TNF is a key inflammatory cytokine regulating the immune system. It induces inflammation and tissue injury via the activation of TNF receptor type 1 (TNFR1). Currently, TNF blockade is used as anti-inflammatory intervention in patients with chronic inflammatory diseases such as rheumatoid arthritis or inflammatory bowel diseases (1–3). However, there is also evidence for adverse side effects from experimental and clinical studies (4–7). The interaction of TNF with its two functionally different receptors TNFR1 and TNF receptor type 2 (TNFR2) partly explains the complexity of TNF effects. Selective inhibition of soluble TNF or of TNFR1 has been suggested to avoid detrimental TNFR1 activation but to preserve the interaction of endogenous membrane TNF with TNFR2 (8). Activation of TNFR2 has gained attention, in particular, in conferring immune suppression (9) and, recently, by inducing regulatory T (Treg) cells (10–13). The T cell costimulatory effect of several TNF family members, including TNFR2, seems to be important for the promotion of the development of Treg cells (14). Also, expansion of suppressive Treg cells in vitro was improved by activation of TNFR2 (15, 16). Thus, TNFR2 proved to be critically involved in generation and function of regulatory T (Treg) cells, offering the opportunity for a more specific immune regulatory treatment of autoimmune diseases (13, 17, 18).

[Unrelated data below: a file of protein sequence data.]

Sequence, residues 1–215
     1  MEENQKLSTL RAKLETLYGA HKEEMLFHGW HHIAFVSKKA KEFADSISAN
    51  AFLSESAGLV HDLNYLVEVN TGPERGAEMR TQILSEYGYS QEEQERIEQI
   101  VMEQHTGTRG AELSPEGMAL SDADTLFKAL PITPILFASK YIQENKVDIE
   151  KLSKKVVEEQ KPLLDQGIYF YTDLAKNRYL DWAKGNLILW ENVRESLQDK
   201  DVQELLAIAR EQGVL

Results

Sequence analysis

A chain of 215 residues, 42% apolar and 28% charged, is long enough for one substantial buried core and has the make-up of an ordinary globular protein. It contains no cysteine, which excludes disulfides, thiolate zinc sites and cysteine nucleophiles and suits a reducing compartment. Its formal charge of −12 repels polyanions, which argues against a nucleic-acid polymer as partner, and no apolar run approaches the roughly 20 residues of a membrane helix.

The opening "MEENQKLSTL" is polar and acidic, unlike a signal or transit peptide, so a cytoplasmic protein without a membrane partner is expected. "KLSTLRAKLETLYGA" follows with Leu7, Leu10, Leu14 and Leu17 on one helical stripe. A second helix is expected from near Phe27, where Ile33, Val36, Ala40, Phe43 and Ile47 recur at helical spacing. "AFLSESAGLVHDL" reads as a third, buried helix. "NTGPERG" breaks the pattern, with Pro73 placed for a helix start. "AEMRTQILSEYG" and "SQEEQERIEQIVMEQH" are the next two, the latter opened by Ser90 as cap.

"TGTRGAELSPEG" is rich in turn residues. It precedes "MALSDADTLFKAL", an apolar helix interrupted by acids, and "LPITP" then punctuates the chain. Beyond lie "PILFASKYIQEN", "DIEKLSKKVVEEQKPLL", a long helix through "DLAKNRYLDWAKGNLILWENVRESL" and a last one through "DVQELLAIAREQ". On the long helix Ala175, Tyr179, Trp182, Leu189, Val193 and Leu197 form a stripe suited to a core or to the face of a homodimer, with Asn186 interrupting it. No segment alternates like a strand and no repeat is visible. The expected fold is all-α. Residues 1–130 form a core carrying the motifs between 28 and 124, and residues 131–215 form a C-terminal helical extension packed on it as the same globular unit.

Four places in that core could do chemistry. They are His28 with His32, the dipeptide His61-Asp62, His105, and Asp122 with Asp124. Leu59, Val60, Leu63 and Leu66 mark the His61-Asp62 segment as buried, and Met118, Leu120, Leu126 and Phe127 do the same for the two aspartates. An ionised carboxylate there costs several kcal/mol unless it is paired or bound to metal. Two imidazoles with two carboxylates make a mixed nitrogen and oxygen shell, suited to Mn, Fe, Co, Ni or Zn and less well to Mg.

The role of TNFR2 in immune suppression conferred by myeloid-derived suppressor cells (MDSC), a not so well characterized immature subpopulation of myeloid cells, is less clear. Generation of functional MDSC seems to depend on TNFR2 signaling by arresting their differentiation to mature macrophages (19, 20). In addition, activation of TNFR2 is also required for the optimal suppressive function of MDSC (21, 22).